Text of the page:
Yuan was a lead engineer at WebEx when the company was acquired by Cisco in 2007, and Five9 CEO Rowan Trollope ran all of Cisco’s collaboration products, including WebEx, until taking the Five9 job in 2018. They never overlapped at Cisco — Yuan left to start Zoom a year before Trollope joined — but the connection is key as they both saw the challenges of retrofitting a legacy technology company for the cloud era.
Acquisition talks cooled for a while and picked up in the last three months, said people with knowledge of the transaction, who asked not to be named because the discussions were confidential. That’s when Goldman Sachs started advising Zoom on a deal and Five9 hired Frank Quattrone’s Qatalyst Partners.
Zoom also shuffled internal responsibilities this year, putting CFO Kelly Steckelberg in charge of business development, a job that had previously been held by operating chief Aparna Bawa, people close to the matter said. Yuan and Steckelberg drove the Five9 deal, the people said.
Bawa has assumed increased responsibilities elsewhere in the business. She oversees security, privacy and government relations, which all took center stage as Zoom became a widely-used service at large enterprises as well as in education, health care and among religious organizations.
Representatives from Zoom and Five9 declined to comment.
At a Morgan Stanley investor event in March, Steckelberg was asked about Zoom’s plans for the call center.
“Contact center is an absolutely really important part of the phone strategy,” Steckelberg said in response. “The way we approach that today is through partnering. We have great relationships with Five9. Eric and Rowan are very good friends.”
Zoom’s goal is to be not only a video service used for meetings with co-workers and clients, but to become the center of all work communication, including for customer service reps in call centers.
Yuan went a step further in June on Zoom’s quarterly earnings call. He responded to an analyst’s question about contact center expansion by telling investors, “Stay tuned, you will see something.” He followed by suggesting that details could be revealed around the time of the company’s Zoomtopia conference in September.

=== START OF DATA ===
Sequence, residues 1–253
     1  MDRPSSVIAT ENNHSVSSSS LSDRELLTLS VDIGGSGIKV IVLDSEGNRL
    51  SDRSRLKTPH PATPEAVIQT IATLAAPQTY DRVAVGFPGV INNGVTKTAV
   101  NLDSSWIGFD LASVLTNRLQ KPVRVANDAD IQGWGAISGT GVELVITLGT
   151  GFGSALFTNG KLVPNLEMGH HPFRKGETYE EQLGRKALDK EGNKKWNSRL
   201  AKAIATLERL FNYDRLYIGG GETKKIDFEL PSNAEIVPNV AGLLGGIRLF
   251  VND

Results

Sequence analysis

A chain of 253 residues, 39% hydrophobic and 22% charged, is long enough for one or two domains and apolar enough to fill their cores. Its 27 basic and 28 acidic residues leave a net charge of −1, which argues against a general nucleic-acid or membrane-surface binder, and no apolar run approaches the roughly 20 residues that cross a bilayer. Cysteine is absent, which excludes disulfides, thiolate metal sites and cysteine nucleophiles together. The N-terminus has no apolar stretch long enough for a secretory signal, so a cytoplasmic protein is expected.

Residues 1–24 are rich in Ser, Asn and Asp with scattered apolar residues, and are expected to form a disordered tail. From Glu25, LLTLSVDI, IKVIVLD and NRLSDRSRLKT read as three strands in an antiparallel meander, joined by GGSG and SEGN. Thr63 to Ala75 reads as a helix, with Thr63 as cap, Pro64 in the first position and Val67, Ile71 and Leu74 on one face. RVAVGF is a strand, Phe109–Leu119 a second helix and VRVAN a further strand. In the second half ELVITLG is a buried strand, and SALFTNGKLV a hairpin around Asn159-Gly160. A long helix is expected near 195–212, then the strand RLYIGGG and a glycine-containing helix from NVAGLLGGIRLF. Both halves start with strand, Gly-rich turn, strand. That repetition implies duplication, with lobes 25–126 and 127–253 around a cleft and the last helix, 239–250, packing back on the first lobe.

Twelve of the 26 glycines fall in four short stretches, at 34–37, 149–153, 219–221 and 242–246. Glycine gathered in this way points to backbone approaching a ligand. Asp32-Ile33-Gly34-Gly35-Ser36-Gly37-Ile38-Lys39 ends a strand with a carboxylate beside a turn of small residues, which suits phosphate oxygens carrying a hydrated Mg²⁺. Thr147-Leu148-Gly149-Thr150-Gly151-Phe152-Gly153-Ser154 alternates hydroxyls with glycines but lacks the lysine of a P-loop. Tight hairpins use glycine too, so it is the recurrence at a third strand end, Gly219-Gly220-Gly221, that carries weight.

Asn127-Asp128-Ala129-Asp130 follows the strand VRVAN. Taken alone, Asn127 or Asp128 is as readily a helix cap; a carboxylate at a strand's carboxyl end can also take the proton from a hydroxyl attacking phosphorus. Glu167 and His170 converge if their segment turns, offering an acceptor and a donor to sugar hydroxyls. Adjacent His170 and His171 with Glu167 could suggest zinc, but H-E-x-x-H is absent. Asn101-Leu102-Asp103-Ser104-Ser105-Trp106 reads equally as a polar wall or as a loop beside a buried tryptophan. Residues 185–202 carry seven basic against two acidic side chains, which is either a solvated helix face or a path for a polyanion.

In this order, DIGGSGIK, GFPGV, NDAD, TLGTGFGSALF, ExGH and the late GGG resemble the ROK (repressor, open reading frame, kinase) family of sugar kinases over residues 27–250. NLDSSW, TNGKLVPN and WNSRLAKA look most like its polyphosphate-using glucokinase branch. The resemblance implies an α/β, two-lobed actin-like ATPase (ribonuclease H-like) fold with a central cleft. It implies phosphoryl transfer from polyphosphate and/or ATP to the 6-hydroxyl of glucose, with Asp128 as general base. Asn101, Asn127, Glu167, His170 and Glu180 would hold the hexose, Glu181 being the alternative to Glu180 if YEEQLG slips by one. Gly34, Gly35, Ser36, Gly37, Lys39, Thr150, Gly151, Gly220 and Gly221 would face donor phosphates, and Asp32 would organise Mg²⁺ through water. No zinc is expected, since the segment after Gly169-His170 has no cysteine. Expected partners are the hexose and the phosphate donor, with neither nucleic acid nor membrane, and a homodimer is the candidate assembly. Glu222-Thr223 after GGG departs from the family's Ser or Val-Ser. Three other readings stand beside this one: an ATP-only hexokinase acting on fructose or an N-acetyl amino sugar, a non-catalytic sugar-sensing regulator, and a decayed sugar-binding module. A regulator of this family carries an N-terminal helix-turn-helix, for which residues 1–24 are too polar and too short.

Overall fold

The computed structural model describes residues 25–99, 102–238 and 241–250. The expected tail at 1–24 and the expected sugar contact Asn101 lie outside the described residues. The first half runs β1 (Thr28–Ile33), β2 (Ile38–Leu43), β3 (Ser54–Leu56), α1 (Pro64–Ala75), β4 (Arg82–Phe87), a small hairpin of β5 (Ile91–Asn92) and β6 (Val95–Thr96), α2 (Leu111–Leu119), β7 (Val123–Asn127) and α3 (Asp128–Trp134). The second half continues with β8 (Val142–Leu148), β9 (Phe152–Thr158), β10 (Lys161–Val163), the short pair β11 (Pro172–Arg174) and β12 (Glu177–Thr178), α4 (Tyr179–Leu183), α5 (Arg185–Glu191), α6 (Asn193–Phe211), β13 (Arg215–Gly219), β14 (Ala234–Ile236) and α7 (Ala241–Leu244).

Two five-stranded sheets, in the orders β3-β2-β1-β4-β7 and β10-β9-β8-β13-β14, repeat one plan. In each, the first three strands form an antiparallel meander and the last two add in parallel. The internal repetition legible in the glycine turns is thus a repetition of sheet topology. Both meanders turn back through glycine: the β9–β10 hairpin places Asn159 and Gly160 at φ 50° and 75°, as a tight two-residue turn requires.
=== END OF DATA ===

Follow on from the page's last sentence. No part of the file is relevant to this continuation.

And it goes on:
“I hope we will be able to do more,” he said, indicating that Zoom may go beyond integrations with call center technology providers.
A big reason why an agreement took so long to come together was because both stocks were so volatile, people familiar with the talks said. Shares of Zoom and Five9 moved 10% or more in a single week on several occasions this year, making it difficult to come to terms. Ultimately, the acquisition price was a modest 13% premium to Five9’s last closing price before the announcement.
The deal is projected to close in the first half of 2022 and Trollope will continue to run Five9 as a president of Zoom. Five9 adds a projected $650 million in revenue next year to the $4.8 billion in sales that analysts expect from Zoom, according to StreetAccount.
On the investor call following the announcement, Yuan and Trollope said that common customers have been telling them they want to count on a single vendor that can provide communications technology for internal purposes as well as customer service. Zoom could invest in building the product itself, but customers “do not want to wait,” Yuan said.
Analysts like BTIG’s Matt VanVliet said the decision to buy instead of build is the right one.
“Overall, we are encouraged by Zoom’s strategy to supercharge its platform with this acquisition rather than rely purely on its own internal R&D chops, which would have taken years to scale,” wrote VanVliet, who has a buy recommendation on Zoom, in a report on July 19.
Zoom has a long way to go before it can claim to have a portfolio of cloud software products, like Salesforce, Adobe and ServiceNow.
Late last year, the company entered the live events space with the launch of a homegrown product called OnZoom, expanding the video platform beyond the workplace and betting that online gatherings, in some form, are here to stay. In July, Zoom hired Abhisht Arora, a 21-year Microsoft veteran and Teams program manager, as its head of corporate strategy, reporting directly to Yuan.
Between development of new products and big acquisitions into parallel markets, Yuan is trying to ensure that Zoom is more than just a pandemic stock, and that its status as an enterprise giant remains long after we say goodbye to Covid-19.
— CNBC’s Alex Sherman contributed to this report.